Can neural network constraints in GP provide power to detect genes associated with human disease?

Created by W.Langdon from gp-bibliography.bib Revision:1.4333

  author =       "William S. Bush and Alison A. Motsinger and 
                 Scott M. Dudek and Marylyn D. Ritchie",
  title =        "Can neural network constraints in GP provide power to
                 detect genes associated with human disease?",
  booktitle =    "Applications of Evolutionary Computing,
                 EvoWorkshops2005: {EvoBIO}, {EvoCOMNET}, {EvoHOT},
                 {EvoIASP}, {EvoMUSART}, {EvoSTOC}",
  year =         "2005",
  month =        "30 " # mar # "-1 " # apr,
  editor =       "Franz Rothlauf and Juergen Branke and 
                 Stefano Cagnoni and David W. Corne and Rolf Drechsler and 
                 Yaochu Jin and Penousal Machado and Elena Marchiori and 
                 Juan Romero and George D. Smith and Giovanni Squillero",
  series =       "LNCS",
  volume =       "3449",
  publisher =    "Springer Verlag",
  address =      "Lausanne, Switzerland",
  publisher_address = "Berlin",
  pages =        "44--53",
  keywords =     "genetic algorithms, genetic programming, evolutionary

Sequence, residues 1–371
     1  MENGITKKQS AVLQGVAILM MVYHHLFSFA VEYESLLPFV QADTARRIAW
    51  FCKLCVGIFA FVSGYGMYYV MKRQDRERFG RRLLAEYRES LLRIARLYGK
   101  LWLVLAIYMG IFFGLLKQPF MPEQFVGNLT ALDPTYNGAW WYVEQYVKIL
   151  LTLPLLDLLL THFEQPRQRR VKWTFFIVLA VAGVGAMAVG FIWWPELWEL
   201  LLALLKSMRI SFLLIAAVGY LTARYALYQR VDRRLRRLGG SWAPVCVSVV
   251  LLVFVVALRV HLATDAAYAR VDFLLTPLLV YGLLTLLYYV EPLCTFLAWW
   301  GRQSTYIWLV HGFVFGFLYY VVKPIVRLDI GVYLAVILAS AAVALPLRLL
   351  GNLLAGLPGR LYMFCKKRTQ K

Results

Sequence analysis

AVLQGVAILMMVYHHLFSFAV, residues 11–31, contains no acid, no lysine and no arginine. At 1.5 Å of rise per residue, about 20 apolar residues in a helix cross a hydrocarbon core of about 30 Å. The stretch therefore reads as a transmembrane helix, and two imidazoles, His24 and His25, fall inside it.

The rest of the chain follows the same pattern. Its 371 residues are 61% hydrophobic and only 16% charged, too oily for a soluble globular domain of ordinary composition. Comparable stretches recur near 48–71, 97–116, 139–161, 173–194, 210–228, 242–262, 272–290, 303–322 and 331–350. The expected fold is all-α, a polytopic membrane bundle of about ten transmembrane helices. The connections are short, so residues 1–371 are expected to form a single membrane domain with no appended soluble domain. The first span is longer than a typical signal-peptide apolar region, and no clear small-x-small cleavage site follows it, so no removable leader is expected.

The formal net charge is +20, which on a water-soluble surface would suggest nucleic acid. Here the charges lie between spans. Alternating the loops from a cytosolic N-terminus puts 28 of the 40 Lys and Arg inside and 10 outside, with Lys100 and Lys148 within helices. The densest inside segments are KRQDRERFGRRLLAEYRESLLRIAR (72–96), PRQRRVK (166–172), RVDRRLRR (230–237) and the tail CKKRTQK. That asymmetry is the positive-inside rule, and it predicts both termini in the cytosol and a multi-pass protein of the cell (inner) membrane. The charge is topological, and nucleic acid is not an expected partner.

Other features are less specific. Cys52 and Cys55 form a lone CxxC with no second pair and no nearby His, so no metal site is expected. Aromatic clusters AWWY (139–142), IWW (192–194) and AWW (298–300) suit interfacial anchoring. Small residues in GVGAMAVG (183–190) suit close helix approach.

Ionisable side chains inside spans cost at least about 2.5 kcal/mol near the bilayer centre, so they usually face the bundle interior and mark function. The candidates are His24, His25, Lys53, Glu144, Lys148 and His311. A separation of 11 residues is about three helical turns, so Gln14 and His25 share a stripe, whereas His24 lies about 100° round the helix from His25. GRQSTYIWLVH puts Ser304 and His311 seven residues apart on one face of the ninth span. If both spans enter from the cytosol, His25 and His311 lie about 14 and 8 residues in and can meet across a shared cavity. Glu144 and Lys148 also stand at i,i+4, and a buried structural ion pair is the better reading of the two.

computation, ANN",
  ISBN =         "3-540-25396-3",
  ISSN =         "0302-9743",
  DOI =          "doi:10.1007/b106856",
  abstract =     "A major goal of human genetics is the identification
                 of susceptibility genes associated with common, complex
                 diseases. Identifying gene-gene and gene-environment
                 interactions which comprise the genetic architecture
                 for a majority of common diseases is a difficult
                 challenge. To this end, novel computational approaches
                 have been applied to studies of human disease.
                 Previously, a GP neural network (GPNN) approach was
                 employed. Although the GPNN method has been quite
                 successful, a clear comparison of GPNN and GP alone to
                 detect genetic effects has not been made. In this
                 paper, we demonstrate that using NN evolved by GP can
                 be more powerful than GP alone. This is most likely due
                 to the confined search space of the GPNN approach, in
                 comparison to a free form GP. This study demonstrates
                 the benefits of using GP to evolve NN in studies of the
                 genetics of common, complex human disease.",
  notes =        "EvoWorkshops2005",

Genetic Programming entries for William S Bush Alison A Motsinger Scott M Dudek Marylyn D Ritchie